Voices from the Community

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On Hunger Strikes

By Joe Morgan, Harlem, NY

As his nation moved toward independence, Mahatma Gandhi beheld the disadvantage he had in confronting the British Empire. Britain had all the resources, the military, the wealth, and more importantly, the world standing, to preserve its’ colonial imprisonment of India. And so, Gandhi used a time-honored appeal to the best angels of human nature: the hunger strike. An appeal that challenges the very humanity of the oppressors by the oppressed, the hunger strike requires no weapons or great numbers. It requires only a powerful, righteous resolve to peacefully confront an adversary.

After lodging formal complaints to prison and government officials and receiving no relief, men housed in the SHU at Pelican Bay—one of the country’s most notorious supermax prisons, located in California— decided to follow in the footsteps of Gandhi, and undergo a peaceful protest hunger strike. The strike began on July 1, 2011, and spread like wildfire, receiving widespread support and media attention. At its peak, over 6,600 people incarcerated across the state of California participated. A second action took place a little over two months later and was joined by more than 12,000 incarcerated people.

Venal guards, mendacious politicians, prison profiteers, clueless and often corrupt prison administrations and an incarceration-mad public amount to an empire, on par with the colonial Britain Gandhi faced. Confronting a system as well financed and as politically connected as the prison industrial complex, with as few resources as the incarcerated population has, is a humbling proposition. But with the help of their communities, a vigilant press, a few principled organizations and politicians, the task is not insurmountable, and the hunger strike can prove to be a humane, powerful and persuasive tool.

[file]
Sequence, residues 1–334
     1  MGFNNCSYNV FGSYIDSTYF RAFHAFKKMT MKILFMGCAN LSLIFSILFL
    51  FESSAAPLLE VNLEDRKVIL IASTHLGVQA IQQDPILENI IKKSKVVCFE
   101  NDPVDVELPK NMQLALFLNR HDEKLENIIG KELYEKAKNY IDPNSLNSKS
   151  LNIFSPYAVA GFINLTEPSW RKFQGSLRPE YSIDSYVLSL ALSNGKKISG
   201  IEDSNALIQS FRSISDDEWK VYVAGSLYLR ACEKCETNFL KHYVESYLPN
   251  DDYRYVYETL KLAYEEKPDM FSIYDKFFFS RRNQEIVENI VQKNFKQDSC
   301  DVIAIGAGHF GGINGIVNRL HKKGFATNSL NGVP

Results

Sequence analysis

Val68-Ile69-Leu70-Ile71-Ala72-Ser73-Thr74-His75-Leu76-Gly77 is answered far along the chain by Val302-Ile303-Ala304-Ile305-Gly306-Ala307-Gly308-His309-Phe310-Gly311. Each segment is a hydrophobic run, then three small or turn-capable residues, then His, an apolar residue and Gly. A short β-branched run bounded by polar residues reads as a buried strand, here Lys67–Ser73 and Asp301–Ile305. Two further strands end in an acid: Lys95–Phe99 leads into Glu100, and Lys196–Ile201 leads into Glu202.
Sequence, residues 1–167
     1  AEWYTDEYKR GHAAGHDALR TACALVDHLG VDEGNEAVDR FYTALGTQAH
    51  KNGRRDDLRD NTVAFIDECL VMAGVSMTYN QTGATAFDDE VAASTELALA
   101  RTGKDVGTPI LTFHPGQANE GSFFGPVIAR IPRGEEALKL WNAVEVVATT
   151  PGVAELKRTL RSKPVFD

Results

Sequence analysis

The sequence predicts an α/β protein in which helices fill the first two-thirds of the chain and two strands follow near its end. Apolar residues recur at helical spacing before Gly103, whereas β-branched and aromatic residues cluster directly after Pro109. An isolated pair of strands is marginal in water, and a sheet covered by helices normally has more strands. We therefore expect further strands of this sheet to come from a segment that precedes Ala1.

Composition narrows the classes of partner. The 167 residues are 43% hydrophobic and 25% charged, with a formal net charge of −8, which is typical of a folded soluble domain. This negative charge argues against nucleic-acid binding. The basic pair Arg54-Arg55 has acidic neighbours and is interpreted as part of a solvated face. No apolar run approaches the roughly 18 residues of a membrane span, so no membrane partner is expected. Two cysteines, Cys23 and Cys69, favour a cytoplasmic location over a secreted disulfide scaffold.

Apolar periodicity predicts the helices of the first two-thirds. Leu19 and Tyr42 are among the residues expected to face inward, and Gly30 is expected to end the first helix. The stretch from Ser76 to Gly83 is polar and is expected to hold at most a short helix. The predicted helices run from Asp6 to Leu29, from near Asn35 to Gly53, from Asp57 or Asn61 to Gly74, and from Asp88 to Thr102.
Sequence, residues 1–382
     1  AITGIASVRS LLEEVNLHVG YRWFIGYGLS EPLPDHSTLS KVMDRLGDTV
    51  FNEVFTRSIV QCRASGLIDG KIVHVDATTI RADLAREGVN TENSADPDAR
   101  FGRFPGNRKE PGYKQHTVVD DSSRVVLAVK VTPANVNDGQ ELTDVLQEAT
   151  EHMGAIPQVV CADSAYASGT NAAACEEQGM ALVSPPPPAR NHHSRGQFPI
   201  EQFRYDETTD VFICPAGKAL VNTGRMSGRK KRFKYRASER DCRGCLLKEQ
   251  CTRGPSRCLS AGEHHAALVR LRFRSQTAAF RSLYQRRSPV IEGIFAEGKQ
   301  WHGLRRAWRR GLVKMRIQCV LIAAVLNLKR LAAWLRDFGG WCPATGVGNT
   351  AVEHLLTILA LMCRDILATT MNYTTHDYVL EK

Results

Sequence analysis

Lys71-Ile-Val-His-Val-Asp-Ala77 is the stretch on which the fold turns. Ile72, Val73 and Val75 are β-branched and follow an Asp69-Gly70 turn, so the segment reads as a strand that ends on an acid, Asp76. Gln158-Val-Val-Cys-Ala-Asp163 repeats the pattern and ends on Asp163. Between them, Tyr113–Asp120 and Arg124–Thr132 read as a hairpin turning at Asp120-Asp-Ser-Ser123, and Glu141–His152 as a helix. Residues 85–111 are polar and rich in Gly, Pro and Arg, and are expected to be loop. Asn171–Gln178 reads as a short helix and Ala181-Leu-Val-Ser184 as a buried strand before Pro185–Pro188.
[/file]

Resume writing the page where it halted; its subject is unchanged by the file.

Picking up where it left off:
Pelican Bay Hunger Strike illustration

“Censored pelican,” by Pete Collins. Collins is  incarcerated at Bath Prison, Ontario, Canada.


Ed. Note: At the time of publication, many of the issues that sparked the 2011 hunger strikes in California have not been resolved. Physical abuse, inhumane and unsanitary conditions of confinement, punitive visitation privileges, and improper use of SHU sentences still represent major concerns for incarcerated people across the United States. Hunger strikes continue to occur in prisons across the country, most recently taking place at California’s Corcoran and Tehachapi State Prisons in October of 2012.


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